I'm not the same person.
Without a doubt, the death of a child is one of the most traumatic events one could ever experience. Some would even argue that it's the most devastating of all losses.
I should know. In September of 2008, my husband and I lost our firstborn baby boy, Liam, to a congenital heart defect. It's safe to say that our lives changed forever that day.
The changes have occurred in so many ways. The following is a list of some of the most crucial:
1. I worry on a constant basis.
After experiencing the unimaginable, you grow very cautious. I hug my kids just a little bit tighter before dropping them off at school. I panic with any mention of aches and pains. I have butterflies at their doctor's visits. I just want them to be OK. I'm fully aware of the "worst case scenario." I also know that I would never be able to survive another tragedy.
2. I don't "forgive and forget."
The cliché "you know who your friends are" really rings true for many of us after burying a child. My husband and I were frequently disappointed by those in our lives. Some people would say the wrong thing. Others would say nothing at all.
3. I never feel as if I fit in.
I was fortunate enough to become pregnant a few months after the loss of Liam. Since I had no other children visible to the eye, I would cringe with the inevitable question, "Is this your first?"
I was always very honest. Just because Liam had died, it didn't mean he was no longer my child. It's often a very uncomfortable situation. The bereaved parent becomes sad. The other party doesn't know how to respond. And how could they? They have no idea what it's like to be a part of the club no one would ever want to join. Although my husband and I have some great family and friends, our loss will always set us apart.
4. I cry at the drop of a hat.
There are certain triggers. Anniversaries and birthdays can be particularly difficult. On numerous occasions, I have heard another mom and dad call after their own "Liam." Otherwise, my grief can hit me out of nowhere. I remember recently bawling as I heard a song on the radio. Other days, I may feel just "off."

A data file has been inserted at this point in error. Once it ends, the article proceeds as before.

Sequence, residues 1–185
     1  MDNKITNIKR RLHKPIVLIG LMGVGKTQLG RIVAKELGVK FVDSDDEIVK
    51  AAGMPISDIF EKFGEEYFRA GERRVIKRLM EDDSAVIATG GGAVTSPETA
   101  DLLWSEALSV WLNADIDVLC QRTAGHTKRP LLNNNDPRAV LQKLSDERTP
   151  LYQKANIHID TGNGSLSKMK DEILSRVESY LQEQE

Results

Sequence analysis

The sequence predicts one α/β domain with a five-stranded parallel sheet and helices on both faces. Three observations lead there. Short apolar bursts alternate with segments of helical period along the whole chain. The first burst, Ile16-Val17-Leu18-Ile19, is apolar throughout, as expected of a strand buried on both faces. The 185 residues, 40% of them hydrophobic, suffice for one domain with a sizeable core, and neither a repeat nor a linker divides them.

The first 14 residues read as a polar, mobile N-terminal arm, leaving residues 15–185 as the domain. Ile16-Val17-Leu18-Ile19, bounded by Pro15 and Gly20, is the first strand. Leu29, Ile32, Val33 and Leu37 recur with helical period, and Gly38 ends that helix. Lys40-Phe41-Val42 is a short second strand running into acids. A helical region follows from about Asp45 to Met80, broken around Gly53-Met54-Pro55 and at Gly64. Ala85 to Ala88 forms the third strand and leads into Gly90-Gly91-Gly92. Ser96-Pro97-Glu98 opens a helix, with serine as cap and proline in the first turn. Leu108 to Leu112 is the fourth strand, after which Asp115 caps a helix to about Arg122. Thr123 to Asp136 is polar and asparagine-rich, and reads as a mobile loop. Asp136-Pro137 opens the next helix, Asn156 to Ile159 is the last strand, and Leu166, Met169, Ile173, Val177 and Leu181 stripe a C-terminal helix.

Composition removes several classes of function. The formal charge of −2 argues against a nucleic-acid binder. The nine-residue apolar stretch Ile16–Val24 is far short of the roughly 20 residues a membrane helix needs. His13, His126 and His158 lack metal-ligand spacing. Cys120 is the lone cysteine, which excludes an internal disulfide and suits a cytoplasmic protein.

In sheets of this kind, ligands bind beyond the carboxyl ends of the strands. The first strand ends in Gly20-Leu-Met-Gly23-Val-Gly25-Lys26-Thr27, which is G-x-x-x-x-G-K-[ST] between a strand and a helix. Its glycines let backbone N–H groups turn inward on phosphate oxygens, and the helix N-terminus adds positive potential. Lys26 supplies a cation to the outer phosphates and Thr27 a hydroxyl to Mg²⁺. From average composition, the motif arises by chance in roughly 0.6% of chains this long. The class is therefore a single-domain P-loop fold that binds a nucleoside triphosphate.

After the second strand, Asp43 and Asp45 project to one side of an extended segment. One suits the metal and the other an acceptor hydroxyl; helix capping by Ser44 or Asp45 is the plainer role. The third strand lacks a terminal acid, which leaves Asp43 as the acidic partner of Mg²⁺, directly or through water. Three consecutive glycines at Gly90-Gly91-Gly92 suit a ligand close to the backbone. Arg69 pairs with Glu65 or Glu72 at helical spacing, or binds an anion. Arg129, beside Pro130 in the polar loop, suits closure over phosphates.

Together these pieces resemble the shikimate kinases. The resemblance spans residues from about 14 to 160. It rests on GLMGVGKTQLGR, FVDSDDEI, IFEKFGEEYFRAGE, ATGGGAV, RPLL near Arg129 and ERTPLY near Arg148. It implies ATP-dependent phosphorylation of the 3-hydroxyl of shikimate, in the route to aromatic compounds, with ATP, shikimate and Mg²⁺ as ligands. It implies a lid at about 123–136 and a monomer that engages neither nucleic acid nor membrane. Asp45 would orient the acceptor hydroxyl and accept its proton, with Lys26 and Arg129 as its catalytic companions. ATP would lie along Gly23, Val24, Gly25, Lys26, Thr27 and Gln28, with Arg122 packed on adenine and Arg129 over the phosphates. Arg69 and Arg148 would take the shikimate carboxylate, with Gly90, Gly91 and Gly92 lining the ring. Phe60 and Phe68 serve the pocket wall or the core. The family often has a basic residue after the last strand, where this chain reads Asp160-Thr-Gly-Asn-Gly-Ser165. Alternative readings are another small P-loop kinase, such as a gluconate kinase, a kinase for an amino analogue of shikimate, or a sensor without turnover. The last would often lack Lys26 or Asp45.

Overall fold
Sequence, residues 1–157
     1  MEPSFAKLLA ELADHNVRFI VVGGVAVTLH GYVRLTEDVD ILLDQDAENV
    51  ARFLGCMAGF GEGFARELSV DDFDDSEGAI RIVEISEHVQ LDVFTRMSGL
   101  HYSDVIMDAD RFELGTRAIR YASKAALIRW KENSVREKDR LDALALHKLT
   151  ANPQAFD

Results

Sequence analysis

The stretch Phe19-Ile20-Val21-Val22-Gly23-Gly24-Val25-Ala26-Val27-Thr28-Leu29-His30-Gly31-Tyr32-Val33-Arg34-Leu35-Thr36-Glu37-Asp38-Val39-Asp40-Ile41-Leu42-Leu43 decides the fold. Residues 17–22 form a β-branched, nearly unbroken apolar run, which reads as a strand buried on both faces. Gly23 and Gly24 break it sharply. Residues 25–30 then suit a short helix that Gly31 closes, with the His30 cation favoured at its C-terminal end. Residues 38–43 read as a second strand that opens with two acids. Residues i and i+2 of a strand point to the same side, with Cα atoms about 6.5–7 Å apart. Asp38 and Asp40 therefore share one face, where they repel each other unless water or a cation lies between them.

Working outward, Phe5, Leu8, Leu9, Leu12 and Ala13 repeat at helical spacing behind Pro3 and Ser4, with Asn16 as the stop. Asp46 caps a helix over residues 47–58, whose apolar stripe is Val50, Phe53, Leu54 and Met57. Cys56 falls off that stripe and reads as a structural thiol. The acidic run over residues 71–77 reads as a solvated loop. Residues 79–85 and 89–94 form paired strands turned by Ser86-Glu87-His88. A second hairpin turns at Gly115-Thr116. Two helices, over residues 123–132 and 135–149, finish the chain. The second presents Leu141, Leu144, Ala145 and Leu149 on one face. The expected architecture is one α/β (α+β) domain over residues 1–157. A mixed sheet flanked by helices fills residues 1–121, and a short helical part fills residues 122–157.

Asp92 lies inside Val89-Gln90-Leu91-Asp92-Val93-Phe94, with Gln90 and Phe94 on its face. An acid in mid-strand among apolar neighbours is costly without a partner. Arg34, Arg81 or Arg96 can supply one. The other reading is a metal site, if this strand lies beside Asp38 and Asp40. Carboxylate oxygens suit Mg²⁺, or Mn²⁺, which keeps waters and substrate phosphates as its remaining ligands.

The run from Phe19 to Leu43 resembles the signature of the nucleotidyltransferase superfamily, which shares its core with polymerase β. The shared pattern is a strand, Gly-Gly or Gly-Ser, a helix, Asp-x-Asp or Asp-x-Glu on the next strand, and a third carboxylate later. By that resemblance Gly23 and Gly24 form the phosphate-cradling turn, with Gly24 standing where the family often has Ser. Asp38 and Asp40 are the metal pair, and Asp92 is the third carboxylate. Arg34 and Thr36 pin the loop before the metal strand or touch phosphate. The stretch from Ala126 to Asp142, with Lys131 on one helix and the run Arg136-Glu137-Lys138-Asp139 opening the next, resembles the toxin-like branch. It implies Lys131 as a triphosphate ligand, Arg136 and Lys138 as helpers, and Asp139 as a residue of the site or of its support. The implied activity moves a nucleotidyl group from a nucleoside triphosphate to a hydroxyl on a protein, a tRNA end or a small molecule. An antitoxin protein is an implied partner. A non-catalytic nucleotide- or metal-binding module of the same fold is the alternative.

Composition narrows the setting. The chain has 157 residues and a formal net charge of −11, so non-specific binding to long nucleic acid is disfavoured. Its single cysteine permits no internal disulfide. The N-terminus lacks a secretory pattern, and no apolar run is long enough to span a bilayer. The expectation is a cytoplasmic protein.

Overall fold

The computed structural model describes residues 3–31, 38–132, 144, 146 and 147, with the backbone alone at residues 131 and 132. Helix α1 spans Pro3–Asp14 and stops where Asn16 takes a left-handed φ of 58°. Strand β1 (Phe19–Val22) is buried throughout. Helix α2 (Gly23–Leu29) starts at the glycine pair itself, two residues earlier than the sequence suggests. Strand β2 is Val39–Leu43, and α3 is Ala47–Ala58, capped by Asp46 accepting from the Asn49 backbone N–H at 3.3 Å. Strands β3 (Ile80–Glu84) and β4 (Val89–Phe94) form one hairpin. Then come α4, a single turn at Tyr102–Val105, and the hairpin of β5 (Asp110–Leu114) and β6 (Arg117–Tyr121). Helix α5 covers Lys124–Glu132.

5. I know to cherish every moment.
Simply put, there are no guarantees in life. Tomorrow is not guaranteed. All of my children have taught me to appreciate each moment. I'm very grateful.
6. I'm more guarded.
I'm very cautious of who I let into my life. I don't trust very easily. I'm walking wounded. I have built a wall that will never come down.
7. I feel guilt.
With time, I have learned to be gentler with myself. What happened to Liam wasn't my fault. However, I'm his mom. If given a chance, any parent would switch places with a sick child. Sometimes I wonder why it wasn't me instead. I also feel as if I let my baby down.
8. I don't take things for granted.
A successful doctor's visit is something to celebrate in my household. I know all too well how things can very suddenly go wrong. I also make sure to say a quick prayer before every vacation. I'm grateful when we return safe. Every day with my family is a blessing.
9. I will always feel incomplete.
Our family and friends were all overjoyed when we announced our pregnancy. Many thought that we would go back to being "normal" again. While our two living children have continued to bring us much joy, that hasn't happened. It doesn't matter how many additional children we have; he/she will never replace Liam.
10. I will always ask why.
Not a day goes by that I don't think of Liam. In a similar vein, to this day it's incomprehensible that he's gone. I haven't accepted his loss. The term "everything happens for a reason" does not apply to a parent has lost a child. There are no answers.